March 19, 2021

Petcare CBD: Regulations and Research 

3min read

Following the publication of IMPACT: Disrupting Petcare, Prohibition Partners has highlighted the development of the research and regulations which has shaped the industry so far, and how it is set to define the future of the sector in the coming years.

Alex Khourdaji
19th March


The pet CBD market is currently going through a boom with a large array of CBD companies alongside traditional petcare companies looking to position themselves in the market.

Although the CBD petcare market is becoming one of the fastest-growing CBD segments, with global pet CBD sales predicted to reach US$424.38 million by 2024, the regulations and legality surrounding pet CBD products remains fairly grey and unregulated.

Currently, the legality surrounding CBD petcare products is going through a phase of evolution. The US, although it being the most mature market still lacks Food and Drug Administration (FDA) approval.

The FDA works closely with the Association of American Feed Control Officials (AAFCO), a non-profit and non-governmental agency which acts as an advisory board for pet food labelling and regulation. According to AAFCO, hemp and hemp products may not be used in animal feed or pet food in the US.

Although AAFCO has no regulatory authority, some states adhere to their guidelines. Colorado, one of the first states to legalise hemp in human food products, is a prime example as they adhere to AAFCO’s pet feed regulation.

Although some states adhere to AAFCO guidelines other states like Oregon have authorised the manufacture, distribution, and sale of hemp-CBD pet foods, which are limited to “dog and cat” foods containing no more than 0.3% total THC. These products, sold in Oregon, must also meet testing requirements imposed by the Oregon Health Authority which includes tests for microbiological contaminants. Other states have not taken a position on the matter thus rendering the sale of pet CBD products illegal or unregulated leaving an open grey market in the US.

In other emerging markets such as in Europe, regulations for CBD products has been contentious with the EU commission’s debate on the labelling of CBD and member states adopting different regulations.

These regulations and debates were focused on CBD for human consumption leaving pet CBD products in the dark. Although there aren’t specific CBD regulations for pets in the majority of UK countries, pet CBD products are still widely available. In Latin America the CBD petcare regulations have adapted with its time, as Columbia Colombia and Uruguay allow for cannabis products for petcare, signalling a growing industry, with an important addressable market potential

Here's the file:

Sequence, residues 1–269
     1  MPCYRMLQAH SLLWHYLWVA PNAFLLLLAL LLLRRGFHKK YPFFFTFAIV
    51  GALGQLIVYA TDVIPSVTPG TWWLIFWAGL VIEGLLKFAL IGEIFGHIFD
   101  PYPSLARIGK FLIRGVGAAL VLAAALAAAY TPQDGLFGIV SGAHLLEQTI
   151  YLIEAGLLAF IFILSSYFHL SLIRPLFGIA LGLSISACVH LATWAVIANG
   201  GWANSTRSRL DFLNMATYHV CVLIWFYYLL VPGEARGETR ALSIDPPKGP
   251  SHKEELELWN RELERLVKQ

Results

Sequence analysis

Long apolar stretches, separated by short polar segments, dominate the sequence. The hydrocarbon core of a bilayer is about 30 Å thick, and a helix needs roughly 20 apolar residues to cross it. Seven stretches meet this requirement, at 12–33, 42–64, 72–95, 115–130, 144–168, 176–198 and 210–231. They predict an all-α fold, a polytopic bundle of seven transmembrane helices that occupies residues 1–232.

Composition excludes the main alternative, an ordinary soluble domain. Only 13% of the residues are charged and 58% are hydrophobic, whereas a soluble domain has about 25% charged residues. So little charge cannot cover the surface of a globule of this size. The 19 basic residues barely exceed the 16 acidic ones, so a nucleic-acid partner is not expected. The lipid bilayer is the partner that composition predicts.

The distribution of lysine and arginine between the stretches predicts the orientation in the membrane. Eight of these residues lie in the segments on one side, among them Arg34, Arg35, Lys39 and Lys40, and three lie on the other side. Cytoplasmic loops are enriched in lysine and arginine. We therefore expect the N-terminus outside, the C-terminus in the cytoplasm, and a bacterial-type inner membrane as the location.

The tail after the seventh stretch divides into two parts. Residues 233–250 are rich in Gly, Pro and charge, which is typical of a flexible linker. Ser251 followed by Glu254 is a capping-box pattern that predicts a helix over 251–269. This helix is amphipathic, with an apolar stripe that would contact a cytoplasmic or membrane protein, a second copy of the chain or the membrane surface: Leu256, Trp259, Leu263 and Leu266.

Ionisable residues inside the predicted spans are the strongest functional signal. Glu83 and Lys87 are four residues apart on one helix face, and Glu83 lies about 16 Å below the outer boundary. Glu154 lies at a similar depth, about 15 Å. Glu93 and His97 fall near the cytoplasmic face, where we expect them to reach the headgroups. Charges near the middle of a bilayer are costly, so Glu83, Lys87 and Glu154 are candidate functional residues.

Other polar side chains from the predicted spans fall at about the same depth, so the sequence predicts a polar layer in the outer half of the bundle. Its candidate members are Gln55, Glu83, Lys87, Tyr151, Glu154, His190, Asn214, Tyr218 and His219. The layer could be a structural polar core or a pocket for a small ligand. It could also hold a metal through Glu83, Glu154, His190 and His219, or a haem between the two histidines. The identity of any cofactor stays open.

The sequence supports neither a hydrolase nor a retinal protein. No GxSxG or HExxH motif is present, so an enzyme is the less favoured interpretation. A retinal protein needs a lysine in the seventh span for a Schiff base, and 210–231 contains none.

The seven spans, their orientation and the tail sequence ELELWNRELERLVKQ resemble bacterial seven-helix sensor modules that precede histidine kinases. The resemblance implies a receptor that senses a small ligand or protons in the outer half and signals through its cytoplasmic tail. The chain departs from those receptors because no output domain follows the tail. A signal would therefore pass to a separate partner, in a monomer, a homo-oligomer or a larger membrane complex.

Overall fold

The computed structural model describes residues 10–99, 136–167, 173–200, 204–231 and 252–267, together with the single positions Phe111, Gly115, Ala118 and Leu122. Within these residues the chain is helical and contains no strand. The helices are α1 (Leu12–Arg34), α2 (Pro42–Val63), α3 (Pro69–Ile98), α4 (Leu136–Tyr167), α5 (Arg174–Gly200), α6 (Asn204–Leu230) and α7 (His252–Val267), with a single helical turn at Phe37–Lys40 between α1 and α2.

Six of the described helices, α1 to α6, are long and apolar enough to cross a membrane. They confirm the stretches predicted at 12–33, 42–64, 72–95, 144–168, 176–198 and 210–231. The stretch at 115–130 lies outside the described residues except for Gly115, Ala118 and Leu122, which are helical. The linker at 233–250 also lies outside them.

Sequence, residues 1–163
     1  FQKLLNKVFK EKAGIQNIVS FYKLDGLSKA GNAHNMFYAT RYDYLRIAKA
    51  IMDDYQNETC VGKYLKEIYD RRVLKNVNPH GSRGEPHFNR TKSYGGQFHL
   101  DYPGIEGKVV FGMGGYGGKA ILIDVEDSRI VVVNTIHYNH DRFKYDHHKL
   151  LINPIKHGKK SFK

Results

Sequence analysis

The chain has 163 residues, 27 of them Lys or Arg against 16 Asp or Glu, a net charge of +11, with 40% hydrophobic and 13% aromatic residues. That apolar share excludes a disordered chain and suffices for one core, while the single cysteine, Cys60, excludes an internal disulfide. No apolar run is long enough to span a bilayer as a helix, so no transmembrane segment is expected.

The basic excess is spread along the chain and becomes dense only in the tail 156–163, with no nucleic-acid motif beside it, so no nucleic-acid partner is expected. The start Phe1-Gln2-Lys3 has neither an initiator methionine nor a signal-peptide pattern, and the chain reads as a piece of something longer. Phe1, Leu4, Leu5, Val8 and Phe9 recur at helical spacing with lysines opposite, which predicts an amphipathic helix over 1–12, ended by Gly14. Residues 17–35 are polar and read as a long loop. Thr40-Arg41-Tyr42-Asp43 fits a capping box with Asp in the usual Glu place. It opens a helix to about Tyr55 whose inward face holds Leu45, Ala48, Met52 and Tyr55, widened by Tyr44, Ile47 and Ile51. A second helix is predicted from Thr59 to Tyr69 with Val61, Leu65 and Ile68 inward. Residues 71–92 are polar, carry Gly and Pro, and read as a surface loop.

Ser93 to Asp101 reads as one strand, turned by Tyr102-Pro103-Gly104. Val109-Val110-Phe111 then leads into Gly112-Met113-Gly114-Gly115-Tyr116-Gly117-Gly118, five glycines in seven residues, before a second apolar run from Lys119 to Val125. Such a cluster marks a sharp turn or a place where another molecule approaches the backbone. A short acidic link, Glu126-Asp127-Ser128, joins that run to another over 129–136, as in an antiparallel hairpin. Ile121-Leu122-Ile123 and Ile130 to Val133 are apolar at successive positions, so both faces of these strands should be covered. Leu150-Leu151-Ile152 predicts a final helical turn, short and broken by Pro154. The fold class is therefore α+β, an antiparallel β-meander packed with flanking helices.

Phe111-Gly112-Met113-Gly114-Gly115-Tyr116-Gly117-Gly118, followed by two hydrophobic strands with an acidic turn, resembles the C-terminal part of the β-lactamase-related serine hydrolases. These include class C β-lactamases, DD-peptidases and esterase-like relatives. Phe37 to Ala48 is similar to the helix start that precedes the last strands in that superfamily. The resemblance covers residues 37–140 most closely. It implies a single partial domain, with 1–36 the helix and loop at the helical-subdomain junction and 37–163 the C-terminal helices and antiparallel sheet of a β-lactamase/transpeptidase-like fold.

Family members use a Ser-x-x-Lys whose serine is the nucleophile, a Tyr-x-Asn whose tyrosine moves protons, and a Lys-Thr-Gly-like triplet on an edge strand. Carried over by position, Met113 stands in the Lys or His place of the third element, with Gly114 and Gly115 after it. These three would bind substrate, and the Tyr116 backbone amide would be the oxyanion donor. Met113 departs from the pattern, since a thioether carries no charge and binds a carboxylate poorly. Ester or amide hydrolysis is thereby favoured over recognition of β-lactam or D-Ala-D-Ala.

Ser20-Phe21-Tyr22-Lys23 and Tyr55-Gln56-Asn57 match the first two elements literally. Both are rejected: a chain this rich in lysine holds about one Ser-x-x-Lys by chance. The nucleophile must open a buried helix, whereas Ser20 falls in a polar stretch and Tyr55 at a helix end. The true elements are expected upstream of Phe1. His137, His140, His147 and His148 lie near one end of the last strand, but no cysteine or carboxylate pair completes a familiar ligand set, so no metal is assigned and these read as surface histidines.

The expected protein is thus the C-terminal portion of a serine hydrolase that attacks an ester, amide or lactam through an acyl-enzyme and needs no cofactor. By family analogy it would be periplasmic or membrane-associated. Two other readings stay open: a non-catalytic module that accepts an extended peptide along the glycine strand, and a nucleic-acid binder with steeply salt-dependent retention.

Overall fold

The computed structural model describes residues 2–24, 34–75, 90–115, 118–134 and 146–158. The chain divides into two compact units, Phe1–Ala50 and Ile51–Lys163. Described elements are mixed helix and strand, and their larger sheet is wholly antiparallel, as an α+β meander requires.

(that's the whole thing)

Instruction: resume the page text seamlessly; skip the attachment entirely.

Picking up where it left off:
However, in the UK under the Veterinary Medicines Directorate (VMD), CBD pet products are considered to be veterinary medicines and should be regulated as such. Therefore, CBD products for animal consumption require a marketing authorisation before they can be sold or supplied in the UK.

There are currently no CBD based products that have been granted a UK veterinary marketing authorisation. Even though the law forbids the over-the-counter sale of pet CBD products there are still several companies in the market that specifically advertise their products for use by pets.

petcare cbd

The absence of regulation in the pet CBD market is mainly due to a lack of coherent research in the field and the level of mistrust in the market. In 2020, the FDA did a random product analysis of pet CBD products and found that out of 22 products only 12 of the inspected products contained the CBD amount labelled on the packaging. What is alarming is that 9 of the tested petcare products contained THC levels that were above the approved legal limits. As THC can be fatal for pets this causes a considerable level of public distrust in CBD petcare products.

To date, little scientific research on the effect of CBD’s medical properties on pets has been conducted, but there have been a few demonstrating positive results. In 2019, Colorado State University (CSU) conducted a small study to assess the short-term effect of CBD on dog seizure rates. The 2019 clinical trial found that 89% of dogs who received CBD saw a reduction in seizures.

A 2018 study at Cornell University concluded that CBD at 2mg per kilogram administered twice daily, over a month, had positive outcomes on dogs with pain and activity linked with osteoarthritis. Although there is little research on this matter, a large array of testimonials by veterinary doctors, animal experts and pet owners exist, claiming that CBD products have strong medicinal properties for animals with various medical conditions.



Prohibition Partners IMPACT SERIES: Disrupting Petcare takes a deep dive into the current state of the CBD pet care market and consumer trends. The report includes:

  • Legislation and Regulation
  • Market Size and Forecasts
  • Market Trends
  • Consumer Data
  • Companies and Brand Activity
  • The Future of the Industry


Petcare CBD: Regulations and Research 

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